3 things we don’t like about the aftermath of King’s Day festivities

It’s the day after King’s Day and if you don’t live under a rock, you probably had some sort of celebration the previous night/day. 🥳

It’s historic, it’s orange, there are crowds and crowds of people and the traditional flea markets (vrijmakten) span across the sidewalks and parks. So much fun. So much Dutch. So much booze. 🍻

People-celebrating-Kings-Day-on-a-canal-dressed-in-orange
Still partying the day after. 🥳 Image: Depositphotos

1. The hangover

Yesterday, it was all fun and games but now you are lying here, your head is throbbing, your heart is pounding and your tongue is glued to the roof of your mouth.

Just lying somewhere and craving water, some kind of liquid, anything really. Barely keeping your eyes open you are trying to remember some of the things that went down the night before.

hangover-man-after-party
Us after partying on King’s night. Image: Depositphotos

You’re probably also making a pact with yourself that you will NEVER EVER drink again. But you and me both know that you don’t really mean that… 😆

Dutch phrase: Kater or Brak. The Dutch use Kater (ik heb een kater) or ‘(Ik ben )brak’ a lot of times to express their hangovers, but they also have so many essential words during King’s day holidays.

2. The shameful (but let’s face it, still fun) memories

Ok, it all started out with the first innocent beer somewhere by a canal. You are watching the boats passing by listening to the pumping music. Everyone’s in a good mood. 🕺🏻

You walk around for a bit whilst looking at all the things people are selling in the flea markets. Some are really quite creative offering their balls to be kicked for 1 Euro (no, seriously). Others let you throw some eggs at their faces for a small amount of cash. Fun!

street-flea-market-in-Amsterdam-on-kings-day
The Dutch vibes are everywhere on King’s day! Image: Depositphotos

And, of course, there’s the colour orange everywhere. People left and right with orange shirts, dresses, sunglasses and other accessories.

Painted faces and smiles everywhere. One of your friends hands you the next ice-cold beer. And you cheer to celebrate the king’s birthday again and again and again. 🍻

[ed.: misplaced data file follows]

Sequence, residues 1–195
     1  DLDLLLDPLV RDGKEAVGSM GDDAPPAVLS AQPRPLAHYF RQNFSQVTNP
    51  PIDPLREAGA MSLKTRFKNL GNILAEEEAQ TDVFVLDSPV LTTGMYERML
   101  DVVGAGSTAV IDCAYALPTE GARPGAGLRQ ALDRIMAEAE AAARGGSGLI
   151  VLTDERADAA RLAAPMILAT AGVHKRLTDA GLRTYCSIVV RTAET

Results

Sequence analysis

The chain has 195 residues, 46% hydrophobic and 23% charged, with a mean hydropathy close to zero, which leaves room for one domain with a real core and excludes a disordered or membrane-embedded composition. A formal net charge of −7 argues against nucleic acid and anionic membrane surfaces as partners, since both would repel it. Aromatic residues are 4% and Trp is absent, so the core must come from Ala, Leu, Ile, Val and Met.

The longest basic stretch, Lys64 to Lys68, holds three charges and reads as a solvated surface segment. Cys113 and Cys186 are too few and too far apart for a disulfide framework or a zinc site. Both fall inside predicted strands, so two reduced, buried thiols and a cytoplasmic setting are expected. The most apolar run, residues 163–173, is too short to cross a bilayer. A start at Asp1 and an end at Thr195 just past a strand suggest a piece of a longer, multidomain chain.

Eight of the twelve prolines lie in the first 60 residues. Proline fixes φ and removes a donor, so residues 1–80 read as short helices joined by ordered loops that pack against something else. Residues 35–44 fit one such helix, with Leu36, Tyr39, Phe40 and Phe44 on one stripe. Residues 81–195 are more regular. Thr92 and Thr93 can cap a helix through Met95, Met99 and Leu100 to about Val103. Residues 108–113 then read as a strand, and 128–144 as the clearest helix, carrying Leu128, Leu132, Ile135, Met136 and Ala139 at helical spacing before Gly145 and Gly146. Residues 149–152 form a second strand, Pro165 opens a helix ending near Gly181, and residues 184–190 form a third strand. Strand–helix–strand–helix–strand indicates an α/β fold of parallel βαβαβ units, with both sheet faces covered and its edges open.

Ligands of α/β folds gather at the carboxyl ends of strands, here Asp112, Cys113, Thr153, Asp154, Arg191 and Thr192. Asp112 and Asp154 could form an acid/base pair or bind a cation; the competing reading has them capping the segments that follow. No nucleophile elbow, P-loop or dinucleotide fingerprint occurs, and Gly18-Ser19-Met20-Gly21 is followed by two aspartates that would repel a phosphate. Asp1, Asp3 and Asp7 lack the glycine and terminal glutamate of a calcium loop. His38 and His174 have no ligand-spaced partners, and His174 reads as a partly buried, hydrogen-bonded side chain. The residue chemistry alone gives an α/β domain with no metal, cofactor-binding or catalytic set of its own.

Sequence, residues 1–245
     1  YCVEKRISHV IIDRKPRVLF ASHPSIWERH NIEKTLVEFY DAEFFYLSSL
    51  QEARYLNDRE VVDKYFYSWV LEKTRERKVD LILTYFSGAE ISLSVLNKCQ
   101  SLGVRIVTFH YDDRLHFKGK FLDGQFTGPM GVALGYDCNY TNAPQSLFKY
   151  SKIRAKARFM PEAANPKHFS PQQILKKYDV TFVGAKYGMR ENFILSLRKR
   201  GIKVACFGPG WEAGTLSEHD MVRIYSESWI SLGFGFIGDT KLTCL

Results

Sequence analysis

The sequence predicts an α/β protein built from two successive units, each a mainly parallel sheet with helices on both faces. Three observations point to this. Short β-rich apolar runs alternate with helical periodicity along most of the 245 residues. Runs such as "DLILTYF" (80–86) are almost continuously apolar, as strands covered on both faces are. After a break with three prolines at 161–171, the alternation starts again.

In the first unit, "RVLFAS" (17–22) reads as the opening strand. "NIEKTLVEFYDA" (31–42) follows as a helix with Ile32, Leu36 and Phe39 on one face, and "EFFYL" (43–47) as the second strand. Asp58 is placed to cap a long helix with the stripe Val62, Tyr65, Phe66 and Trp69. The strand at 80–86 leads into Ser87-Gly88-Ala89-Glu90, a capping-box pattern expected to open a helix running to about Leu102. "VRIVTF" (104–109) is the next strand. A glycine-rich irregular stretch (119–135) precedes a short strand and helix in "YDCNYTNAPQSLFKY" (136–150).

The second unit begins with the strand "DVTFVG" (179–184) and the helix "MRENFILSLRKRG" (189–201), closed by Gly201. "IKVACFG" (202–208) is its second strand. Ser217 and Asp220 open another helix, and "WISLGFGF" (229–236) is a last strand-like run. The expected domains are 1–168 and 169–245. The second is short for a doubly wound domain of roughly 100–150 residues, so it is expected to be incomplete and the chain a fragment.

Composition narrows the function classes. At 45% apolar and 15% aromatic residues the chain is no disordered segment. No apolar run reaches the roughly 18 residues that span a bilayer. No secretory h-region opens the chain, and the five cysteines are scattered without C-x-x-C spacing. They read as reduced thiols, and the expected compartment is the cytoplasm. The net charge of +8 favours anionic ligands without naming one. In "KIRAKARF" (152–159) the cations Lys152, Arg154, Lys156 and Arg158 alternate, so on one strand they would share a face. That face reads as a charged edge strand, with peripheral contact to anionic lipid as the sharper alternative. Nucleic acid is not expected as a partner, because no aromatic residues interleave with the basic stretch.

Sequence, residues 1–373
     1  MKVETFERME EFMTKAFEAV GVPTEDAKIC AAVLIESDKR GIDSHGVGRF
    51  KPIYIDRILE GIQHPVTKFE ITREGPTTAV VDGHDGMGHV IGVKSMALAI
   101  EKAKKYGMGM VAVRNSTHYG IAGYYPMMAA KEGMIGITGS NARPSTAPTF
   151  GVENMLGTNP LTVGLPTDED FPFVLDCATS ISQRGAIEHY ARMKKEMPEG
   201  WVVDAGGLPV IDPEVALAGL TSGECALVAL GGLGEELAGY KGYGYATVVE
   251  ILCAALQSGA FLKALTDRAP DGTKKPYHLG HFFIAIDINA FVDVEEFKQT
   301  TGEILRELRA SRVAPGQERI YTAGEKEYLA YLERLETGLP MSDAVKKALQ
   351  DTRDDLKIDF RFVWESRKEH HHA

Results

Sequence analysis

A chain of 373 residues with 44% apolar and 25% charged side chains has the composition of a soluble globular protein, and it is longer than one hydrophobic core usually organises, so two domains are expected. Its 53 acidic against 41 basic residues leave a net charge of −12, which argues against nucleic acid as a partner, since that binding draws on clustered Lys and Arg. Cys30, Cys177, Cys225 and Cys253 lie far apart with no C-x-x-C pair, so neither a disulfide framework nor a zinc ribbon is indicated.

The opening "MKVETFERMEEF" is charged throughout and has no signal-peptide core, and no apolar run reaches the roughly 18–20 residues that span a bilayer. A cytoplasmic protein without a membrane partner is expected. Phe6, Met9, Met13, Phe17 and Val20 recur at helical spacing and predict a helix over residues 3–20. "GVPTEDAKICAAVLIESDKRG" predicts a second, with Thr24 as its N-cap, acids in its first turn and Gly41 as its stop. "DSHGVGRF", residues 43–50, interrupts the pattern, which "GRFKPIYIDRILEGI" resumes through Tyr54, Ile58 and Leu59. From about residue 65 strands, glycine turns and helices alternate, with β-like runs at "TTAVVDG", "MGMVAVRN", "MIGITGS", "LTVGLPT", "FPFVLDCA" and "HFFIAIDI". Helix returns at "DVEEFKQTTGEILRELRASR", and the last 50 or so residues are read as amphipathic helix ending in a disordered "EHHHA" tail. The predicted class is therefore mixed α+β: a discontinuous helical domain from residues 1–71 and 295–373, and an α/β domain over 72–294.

Fast forward 5-6 hours and you find yourself dancing on a table in a bar spilling half of your drink screaming the lyrics of A-Ha’s Take on me. Everything that happens after that is only a blur, which is probably just a trick of our brain to protect you from all the humiliation.

If you are lucky, you just won’t remember all the embarrassing stuff you did. And, if you are even luckier, no one took pictures to document it.

Dutch Phrase: ‘Lekke band’, which translates to ‘flat tire’. With all that glass and garbage on the road and you wanting to integrate in post-27-April society, there’s a big chance your fiets will catch a flat tire. 🚲

3. The filthy streets

With the amount of people celebrating King’s day in the streets, it’s no surprise that a lot of garbage stays behind after the party ends. Of course, it’s still advised to pick up after yourself!

street-cleaning-machine
Sweeper machines like these are hard at work after King’s day. Image: Depositphotos

It actually looks more like a warzone with smashed plastic cups and beer cans everywhere, mixed with the leftovers from the flea market that people just abandoned on the sidewalks.

It’s a mess (just like you the day after). But hey, dawn comes and the streets are being wiped clean, which happens at an impressively fast pace.

Soon, we slowly start to feel a bit better after finally managing to drag ourselves to the sink to drink liters and liters of water and grab a bite of anything digestible.

As our brain starts working again, we realize that even though we had to cope with a painful hangover and maybe some painfully embarrassing memories, we were part of a memorable day celebrating the king’s birthday with Dutchies, expats and tourists.

What are your King’s day plans? Tell us in the comments below!

Editor’s Note: This article was originally published in April 2017 and was fully updated in April 2022 for your reading pleasure.

Feature Image:Depositphotos
Alexandra Huetter
Alexandra Huetter
Alexandra Huetter is a native Austrian with a passion for traveling. Having worked in tourism, marketing and sales she finally decided to exchange her 9-to-5 job for the unpredictable yet rewarding world of freelancing. She has been working as a freelance copywriter in Amsterdam since 2011.

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2 COMMENTS

  1. Very well written! I can relate to point 2 for sure and the way Dutch celebrate the kings day with craziness specially party rise after sunset is unmatched! And guess what? I got orange t-shirt with Dutch flag woven into it blending me in all Oranje that can’t be found still out of my party hangover 😵

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